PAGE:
Feb. 3, 2012 at 9:13 AM ET
REVIEW: Pop quiz: You're a British lawyer sent out to a remote house to dig through a dead woman's paperwork. The town innkeeper tries to get rid of you and finally sticks you in the attic, a townsperson dies bloodily in your arms, and the isolated and rotting house where you have to work is full of creepy ghost sightings and deteriorated toys that belonged to a young dead boy.
Do you: a) Head back to London as fast as you can, even if it means getting another job?
b) Not only stay in the village, but skip the inn, and stay in the creepy house?
If you're Arthur Kipps (played by Daniel "Harry Potter" Radcliffe) in "The Woman in Black," you not only stay, but you let yourself into locked rooms and chase ghostly figures around until you find yourself diving body deep in a muddy swamp in search of a child's corpse. Come on. The dimmest house elf at Hogwarts would have used a disappearing spell within an hour of arriving.
Everything Kipps does, he does for one reason: It's in the script. If for the movie's sake his character needed to stay, he needed a more desperate reason than "I might lose my job" to convince us that he is choosing to hang around. He never seems too frightened, but then, it's hard to tell, since Radcliffe barely speaks a couple dozen words in the entire film. He doesn't act so much as react.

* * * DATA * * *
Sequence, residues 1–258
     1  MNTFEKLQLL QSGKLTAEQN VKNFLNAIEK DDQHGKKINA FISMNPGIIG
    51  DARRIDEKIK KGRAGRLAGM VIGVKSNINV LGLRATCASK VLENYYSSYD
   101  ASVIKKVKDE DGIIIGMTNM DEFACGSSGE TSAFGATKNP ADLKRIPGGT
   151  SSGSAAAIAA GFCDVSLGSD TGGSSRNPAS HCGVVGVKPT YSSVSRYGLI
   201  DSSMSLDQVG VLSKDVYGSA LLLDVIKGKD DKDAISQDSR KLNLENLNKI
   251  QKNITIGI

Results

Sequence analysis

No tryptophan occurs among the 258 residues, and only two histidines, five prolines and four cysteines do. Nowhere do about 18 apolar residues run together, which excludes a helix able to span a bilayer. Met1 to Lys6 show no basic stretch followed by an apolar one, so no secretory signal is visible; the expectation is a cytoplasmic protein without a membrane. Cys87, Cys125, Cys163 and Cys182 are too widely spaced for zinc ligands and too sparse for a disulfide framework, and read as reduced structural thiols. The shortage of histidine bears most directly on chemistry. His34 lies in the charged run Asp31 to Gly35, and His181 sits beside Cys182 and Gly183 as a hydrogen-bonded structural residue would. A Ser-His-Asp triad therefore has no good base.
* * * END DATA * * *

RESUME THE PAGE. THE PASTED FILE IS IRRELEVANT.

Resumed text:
It's a shame, because "Woman in Black" offers a great setting for an old-fashioned ghost story, and it's produced by the reinvigorated Hammer Films, famed for spooky offerings. "Woman in Black" is based on a novel and long-running stage play that both sound terrifying, but that fear doesn't translate.
The imposing, crumbling house is separated from the village by a road that's regularly flooded and impassable, making it even more isolating. But you never feel panicked by this -- Kipps doesn't have a car, so there's no way he could leave the house anyway. And he seems to like it there, unfazed even when he rips off wallpaper to find a red-scrawled threat, or when he spots a skeletal face in the window of the supposedly empty house, or a trail of footprints where no one living has walked.
The commercials for "Woman in Black" show the theater audience, seen through night-vision green, jumping and shrieking as unseen things happen onscreen. Yes, there are jump scares in the movie, and lots of them. (Apparently in Britain, a raven fills the cat's role in the inevitable "What's that? Whew, just an animal!" scene.)
There's one scene where you'd swear the ghostly woman of the title is on Rollerblades, and a twist ending that M. Night Shyamalan would have rejected as "too corny." But the film does do one thing: It makes you wonder just how creepy the early British toy industry was. The rooms full of rotting, glassy-eyed monkeys and dolls that suddenly spring to life and play music at the worst possible moment would back Chucky of "Child's Play" into a corner and have him crying for his mommy.
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